The Washington Nationals had searched all season for a hinge, the victory that would beget more victories, a demarcation between a nightmare start and the moment they wake up. Maybe, they thought, it had arrived Tuesday night. The Nationals had dogpiled in the middle of the diamond for the first time. Manager Davey Johnson shaved his gray scruff, the scraggly goatee he had worn for weeks as a hex breaker. “It’s time to go,” right fielder Jayson Werth said.
Baseball loves its cliches, and maybe the most frequently repeated dictates momentum carries as far as the next day’s starting pitcher. On Wednesday night, in a 10-1 dumpster fire against the New York Mets, the good vibes created the night before evaporated under the unsteady care of Dan Haren. He surrendered three home runs and lasted only four innings, continuing his own rocky season and halting any whiff of a Nationals winning streak.
The Post Sports Live crew debates whether it’s better for the team if injured Nationals play through the pain.
The Post Sports Live crew looks at the issues plaguing the Washington Nationals, including injuries to Bryce Harper and Stephen Strasburg and the team’s poor defense.
On the day they placed Stephen Strasburg on the disabled list and made Anthony Rendon their second baseman, the Nationals (29-30) tumbled back below .500 and into third place, passed by the Philadelphia Phillies, who had won in the afternoon. They will wake up Thursday morning a season-high eight games behind the first-place Atlanta Braves — and only 41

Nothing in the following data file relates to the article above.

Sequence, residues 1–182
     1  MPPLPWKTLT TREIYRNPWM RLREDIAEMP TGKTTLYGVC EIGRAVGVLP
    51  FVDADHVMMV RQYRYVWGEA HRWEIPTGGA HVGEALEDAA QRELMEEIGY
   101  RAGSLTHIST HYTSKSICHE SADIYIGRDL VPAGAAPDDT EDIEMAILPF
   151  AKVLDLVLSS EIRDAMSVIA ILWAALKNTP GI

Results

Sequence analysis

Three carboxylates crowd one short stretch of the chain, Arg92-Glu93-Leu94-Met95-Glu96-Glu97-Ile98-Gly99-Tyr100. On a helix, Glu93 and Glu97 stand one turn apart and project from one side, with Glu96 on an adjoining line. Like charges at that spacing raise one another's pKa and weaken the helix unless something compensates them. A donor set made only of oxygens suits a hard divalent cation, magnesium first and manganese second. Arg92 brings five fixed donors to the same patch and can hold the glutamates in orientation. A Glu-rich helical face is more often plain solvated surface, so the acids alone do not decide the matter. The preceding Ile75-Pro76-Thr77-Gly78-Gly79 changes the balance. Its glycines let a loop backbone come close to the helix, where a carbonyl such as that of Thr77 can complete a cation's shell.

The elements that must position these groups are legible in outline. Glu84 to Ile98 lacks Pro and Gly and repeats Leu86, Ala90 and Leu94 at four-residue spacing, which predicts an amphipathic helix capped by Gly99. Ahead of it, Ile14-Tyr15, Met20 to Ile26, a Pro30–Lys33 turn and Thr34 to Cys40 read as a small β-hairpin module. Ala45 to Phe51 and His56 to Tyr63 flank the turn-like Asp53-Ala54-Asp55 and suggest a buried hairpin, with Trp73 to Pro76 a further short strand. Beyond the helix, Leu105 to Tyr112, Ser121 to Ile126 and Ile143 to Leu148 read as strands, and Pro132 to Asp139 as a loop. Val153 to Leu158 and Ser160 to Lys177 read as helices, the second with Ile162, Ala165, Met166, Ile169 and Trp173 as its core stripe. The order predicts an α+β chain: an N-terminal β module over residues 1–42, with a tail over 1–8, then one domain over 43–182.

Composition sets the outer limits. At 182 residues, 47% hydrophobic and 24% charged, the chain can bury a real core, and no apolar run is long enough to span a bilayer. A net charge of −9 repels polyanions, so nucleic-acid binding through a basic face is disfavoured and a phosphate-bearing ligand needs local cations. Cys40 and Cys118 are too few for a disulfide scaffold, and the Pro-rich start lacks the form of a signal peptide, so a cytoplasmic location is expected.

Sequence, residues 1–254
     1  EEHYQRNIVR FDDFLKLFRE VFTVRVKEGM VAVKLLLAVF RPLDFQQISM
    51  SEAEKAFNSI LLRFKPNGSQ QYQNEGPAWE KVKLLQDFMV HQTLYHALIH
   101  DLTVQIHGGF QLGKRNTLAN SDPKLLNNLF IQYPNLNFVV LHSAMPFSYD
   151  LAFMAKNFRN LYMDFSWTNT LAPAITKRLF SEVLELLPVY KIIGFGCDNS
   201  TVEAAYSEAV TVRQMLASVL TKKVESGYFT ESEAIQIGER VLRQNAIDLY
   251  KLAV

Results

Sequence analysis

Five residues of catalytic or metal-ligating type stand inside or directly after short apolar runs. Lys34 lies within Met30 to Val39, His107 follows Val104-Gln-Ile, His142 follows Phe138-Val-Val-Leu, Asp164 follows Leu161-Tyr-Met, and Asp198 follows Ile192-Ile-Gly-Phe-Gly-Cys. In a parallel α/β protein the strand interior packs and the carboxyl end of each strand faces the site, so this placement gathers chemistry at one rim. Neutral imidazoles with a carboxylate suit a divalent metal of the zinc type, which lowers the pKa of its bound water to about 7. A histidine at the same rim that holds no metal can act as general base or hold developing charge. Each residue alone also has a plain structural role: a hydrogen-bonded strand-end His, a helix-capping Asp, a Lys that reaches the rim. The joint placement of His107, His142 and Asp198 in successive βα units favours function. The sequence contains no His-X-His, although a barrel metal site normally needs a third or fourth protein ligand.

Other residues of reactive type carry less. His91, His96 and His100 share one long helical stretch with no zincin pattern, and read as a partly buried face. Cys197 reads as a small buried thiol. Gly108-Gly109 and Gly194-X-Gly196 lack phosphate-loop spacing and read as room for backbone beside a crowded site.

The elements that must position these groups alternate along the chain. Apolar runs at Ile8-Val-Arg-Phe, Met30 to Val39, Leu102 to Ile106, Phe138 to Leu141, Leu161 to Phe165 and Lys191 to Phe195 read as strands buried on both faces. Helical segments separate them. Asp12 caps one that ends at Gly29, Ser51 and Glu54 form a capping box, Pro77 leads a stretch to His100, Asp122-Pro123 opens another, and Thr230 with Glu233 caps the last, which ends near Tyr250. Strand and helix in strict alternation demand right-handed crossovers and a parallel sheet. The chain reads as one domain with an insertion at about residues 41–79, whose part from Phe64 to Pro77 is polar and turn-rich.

2 games ahead of the fourth-place Mets.
“We definitely haven’t got going the way we’ve been hoping to get going,” center fielder Denard Span said. “There’s really no explanation for it. We just haven’t played good. I’m going to be honest. Just all across the board.”
Haren earned the brunt of the blame, allowing seven hits and five runs in his four innings. By the end of his short night, he tied for the major league lead in home runs allowed with 15, and his ERA had risen to 5.45. For Haren to match his season ERA with his career ERA entering this year, he would have to throw 331
3 consecutive scoreless innings. Some nights he feels encouraged, and Wednesday night he just felt lost.
“I have no idea,” Haren said. “It’s not for lack of trying. I’m going out there. I’m doing my best. I feel like I’m letting down the team, fans, front office, everybody. No one feels worse about it than me. But I’ve got to take the ball in five days, and I’ve got to believe because the team needs me. And I know I’m good. I’ve been good at times this year. Just no consistency whatsoever.”
Once Haren exited, the Mets teed off against the Nationals’ newly configured bullpen. They scored two runs off Craig Stammen in the fifth and three more off Erik Davis, making his second career appearance, in the seventh. In between, 22-year-old left-hander Ian Krol made his big league debut with a scoreless, three-strikeout inning.
The seats at Nationals Park began vacating in the seventh after the Nationals’ offense produced another empty performance against an eminently hittable opposing starter. Right-hander Dillon Gee entered with a 5.68 ERA. Span scored on Ian Desmond’s RBI single in the first inning, and afterward they either squandered rallies or failed to start them.